Following is a summary of current health news briefs.
U.S. scientists join effort to solve mysterious vaping-related illnesses
The U.S. investigation into hundreds of cases of life-threatening lung illnesses related to vaping has turned up a curious abnormality: Many of the victims had pockets of oil clogging up cells responsible for removing impurities in the lungs. Dr. Dana Meaney-Delman, who has been leading the inquiry at the U.S. Centers for Disease Control and Prevention (CDC) in Atlanta, wants to know where that oil came from. The answer will help explain whether these cells play a key role in the vaping-related outbreak that has killed seven people and sickened 530 so far.
Too few pregnant women get exercise advice from doctors, study finds
(Reuters Health) - Only one in two pregnant women in an Australian survey said their healthcare practitioner had advised them about exercising, and more than half of these women had to raise the topic themselves, researchers found. Healthcare practitioners "are uniquely positioned" to advise women about exercise during pregnancy, the study team writes in the journal Women and Birth, but it's possible that many doctors don't bring it up because they are unsure about what to recommend.
U.S. senators urge FDA to remove pod, cartridge-based e-cigarettes from market
A bipartisan group of U.S. senators on Friday urged federal regulators to immediately remove all pod and cartridge-based e-cigarettes from the market until it can be proven the products are safe. In a letter to Ned Sharpless, acting commissioner of the U.S. Food and Drug Administration (FDA), Senators Dick Durbin, Lisa Murkowski, Jeff Merkley and Richard Blumenthal cited recent reports of 530 cases of vaping-related lung disease, as well as eight deaths, in asking for the ban.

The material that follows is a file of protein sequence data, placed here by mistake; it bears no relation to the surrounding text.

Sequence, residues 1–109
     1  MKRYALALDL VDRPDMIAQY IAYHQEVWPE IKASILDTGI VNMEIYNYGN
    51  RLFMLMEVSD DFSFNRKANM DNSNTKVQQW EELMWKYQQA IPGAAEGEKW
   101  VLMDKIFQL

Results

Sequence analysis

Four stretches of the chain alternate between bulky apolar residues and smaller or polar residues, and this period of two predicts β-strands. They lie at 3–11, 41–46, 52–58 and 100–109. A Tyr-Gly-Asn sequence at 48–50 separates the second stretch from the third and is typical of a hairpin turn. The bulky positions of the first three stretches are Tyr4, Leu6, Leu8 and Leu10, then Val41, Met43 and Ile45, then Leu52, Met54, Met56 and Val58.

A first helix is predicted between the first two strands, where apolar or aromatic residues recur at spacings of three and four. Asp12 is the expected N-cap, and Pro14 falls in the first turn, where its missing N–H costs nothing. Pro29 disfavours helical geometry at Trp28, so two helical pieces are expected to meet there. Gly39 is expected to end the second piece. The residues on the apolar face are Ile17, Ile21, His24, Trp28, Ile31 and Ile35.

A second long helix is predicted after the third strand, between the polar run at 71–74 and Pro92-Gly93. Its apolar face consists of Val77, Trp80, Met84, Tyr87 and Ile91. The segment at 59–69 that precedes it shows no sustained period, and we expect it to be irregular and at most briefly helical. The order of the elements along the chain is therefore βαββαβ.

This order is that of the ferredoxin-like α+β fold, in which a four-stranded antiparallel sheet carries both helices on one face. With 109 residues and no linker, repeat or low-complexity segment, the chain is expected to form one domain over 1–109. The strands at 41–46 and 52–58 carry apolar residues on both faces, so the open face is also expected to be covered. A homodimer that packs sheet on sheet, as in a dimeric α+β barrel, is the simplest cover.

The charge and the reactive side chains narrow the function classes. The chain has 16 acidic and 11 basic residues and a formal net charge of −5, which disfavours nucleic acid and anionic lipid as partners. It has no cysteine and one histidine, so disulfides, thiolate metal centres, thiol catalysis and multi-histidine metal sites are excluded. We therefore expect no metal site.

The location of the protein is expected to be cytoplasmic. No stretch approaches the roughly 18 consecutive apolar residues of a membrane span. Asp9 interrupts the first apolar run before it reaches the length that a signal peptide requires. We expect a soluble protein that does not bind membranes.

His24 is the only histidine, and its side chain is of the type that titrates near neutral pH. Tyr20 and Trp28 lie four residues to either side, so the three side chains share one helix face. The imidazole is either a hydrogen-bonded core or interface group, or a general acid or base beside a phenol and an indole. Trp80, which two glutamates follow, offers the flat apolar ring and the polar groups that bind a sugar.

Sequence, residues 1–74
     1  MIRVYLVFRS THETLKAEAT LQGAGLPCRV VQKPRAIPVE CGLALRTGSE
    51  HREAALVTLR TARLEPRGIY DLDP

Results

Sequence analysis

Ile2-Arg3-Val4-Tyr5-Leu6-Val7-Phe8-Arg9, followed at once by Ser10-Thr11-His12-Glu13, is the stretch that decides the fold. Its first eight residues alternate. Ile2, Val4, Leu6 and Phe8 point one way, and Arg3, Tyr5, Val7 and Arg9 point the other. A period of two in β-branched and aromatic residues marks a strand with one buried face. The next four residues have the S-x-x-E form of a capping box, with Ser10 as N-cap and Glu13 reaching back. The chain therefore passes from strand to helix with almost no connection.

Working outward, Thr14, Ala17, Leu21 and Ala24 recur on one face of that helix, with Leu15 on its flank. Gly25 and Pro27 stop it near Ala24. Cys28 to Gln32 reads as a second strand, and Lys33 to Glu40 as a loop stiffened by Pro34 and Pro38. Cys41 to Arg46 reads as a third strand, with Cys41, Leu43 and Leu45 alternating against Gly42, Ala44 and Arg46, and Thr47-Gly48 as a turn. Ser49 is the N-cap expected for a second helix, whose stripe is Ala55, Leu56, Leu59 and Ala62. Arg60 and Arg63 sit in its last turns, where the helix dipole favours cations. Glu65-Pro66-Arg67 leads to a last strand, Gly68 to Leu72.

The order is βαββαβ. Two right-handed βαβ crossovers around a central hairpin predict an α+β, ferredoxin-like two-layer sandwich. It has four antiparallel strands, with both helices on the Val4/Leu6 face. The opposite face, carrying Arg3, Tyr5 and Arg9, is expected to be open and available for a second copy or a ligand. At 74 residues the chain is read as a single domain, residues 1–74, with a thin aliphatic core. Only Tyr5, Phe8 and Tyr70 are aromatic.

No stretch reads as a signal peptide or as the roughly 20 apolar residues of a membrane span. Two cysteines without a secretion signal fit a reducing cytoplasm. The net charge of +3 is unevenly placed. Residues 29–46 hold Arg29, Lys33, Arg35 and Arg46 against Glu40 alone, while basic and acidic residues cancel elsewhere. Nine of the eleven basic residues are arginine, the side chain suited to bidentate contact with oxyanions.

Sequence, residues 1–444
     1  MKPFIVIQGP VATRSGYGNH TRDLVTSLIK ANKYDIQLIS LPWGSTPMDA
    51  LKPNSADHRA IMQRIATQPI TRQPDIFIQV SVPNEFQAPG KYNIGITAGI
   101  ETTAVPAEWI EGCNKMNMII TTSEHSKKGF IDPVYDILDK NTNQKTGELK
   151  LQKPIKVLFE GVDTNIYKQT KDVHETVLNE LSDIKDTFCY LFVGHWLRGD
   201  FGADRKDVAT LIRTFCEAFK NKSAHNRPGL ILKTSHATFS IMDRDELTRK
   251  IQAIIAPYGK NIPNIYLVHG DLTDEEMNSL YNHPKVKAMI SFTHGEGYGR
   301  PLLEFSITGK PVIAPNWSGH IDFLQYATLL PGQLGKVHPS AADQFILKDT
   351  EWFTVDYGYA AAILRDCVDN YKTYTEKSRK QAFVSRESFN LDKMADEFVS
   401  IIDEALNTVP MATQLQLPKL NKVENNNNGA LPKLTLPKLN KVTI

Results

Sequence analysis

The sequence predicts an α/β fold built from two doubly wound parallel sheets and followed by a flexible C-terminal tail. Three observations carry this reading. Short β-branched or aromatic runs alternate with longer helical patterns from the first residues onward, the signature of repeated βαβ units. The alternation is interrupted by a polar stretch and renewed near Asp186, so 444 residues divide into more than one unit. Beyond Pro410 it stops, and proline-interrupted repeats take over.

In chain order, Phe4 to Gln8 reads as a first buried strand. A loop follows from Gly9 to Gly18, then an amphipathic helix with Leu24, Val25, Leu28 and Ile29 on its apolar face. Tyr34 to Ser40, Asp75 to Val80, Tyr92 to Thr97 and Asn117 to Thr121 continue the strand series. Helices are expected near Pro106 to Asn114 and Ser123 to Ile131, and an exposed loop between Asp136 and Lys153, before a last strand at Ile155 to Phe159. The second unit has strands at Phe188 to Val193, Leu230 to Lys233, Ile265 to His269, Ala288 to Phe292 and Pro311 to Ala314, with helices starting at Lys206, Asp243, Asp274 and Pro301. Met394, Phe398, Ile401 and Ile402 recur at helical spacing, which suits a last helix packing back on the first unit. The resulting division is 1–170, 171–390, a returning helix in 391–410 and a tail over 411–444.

Congo to deploy second Ebola vaccine
Health authorities in Democratic Republic of Congo said on Saturday that they plan to introduce a second Ebola vaccine, manufactured by Johnson & Johnson, to counter the second-worst outbreak of the virus in history. The team overseeing Congo's Ebola response did not say when exactly the J&J vaccine would be introduced. It will complement another vaccine manufactured by Merck, which has been administered to more than 225,000 people since August 2018.
Health care investment needed to curb out-of-pocket spending: WHO
Governments must boost spending on primary health care by at least an additional 1 percent of their gross domestic product to widen coverage and stop impoverishing patients, the World Health Organization (WHO) said on Sunday. Despite some progress, more people are having to pay out-of-pocket for often costly medicines and treatment, the U.N. agency said in a report compiled with the OECD and World Bank.
World Health Organization: Tanzania not sharing information on Ebola
Tanzania is refusing to provide detailed information on suspected Ebola cases, the World Health Organization (WHO) said in a rare public rebuke as the region struggles with an outbreak already declared a global health emergency. Transparency and speed are key to combating the deadly hemorrhagic fever because it can spread rapidly. Anyone deemed to have been in contact with potentially infected people must be quarantined and the public warned to step up precautions such as handwashing.
Anemia in early pregnancy linked with risk for neurodevelopmental disorders
Children born to mothers with iron-deficiency anemia early in pregnancy may be at higher risk for neurodevelopmental disorders, a new study suggests. In an analysis of data on more than half a million babies born in Sweden, researchers found that anemia in the mother before the 30th week of pregnancy was linked with a heightened risk of disorders including autism, ADHD and intellectual disability.
Tens of thousands march for ban on abortions in Slovakia
Tens of thousands marched in Slovakia's capital on Sunday calling for a total ban on abortions in the predominantly Catholic central European country. Abortion laws in Slovakia are relatively liberal compared to those in countries like Poland or Malta, which have among the strictest laws in the European Union and often allow them only in cases like rape.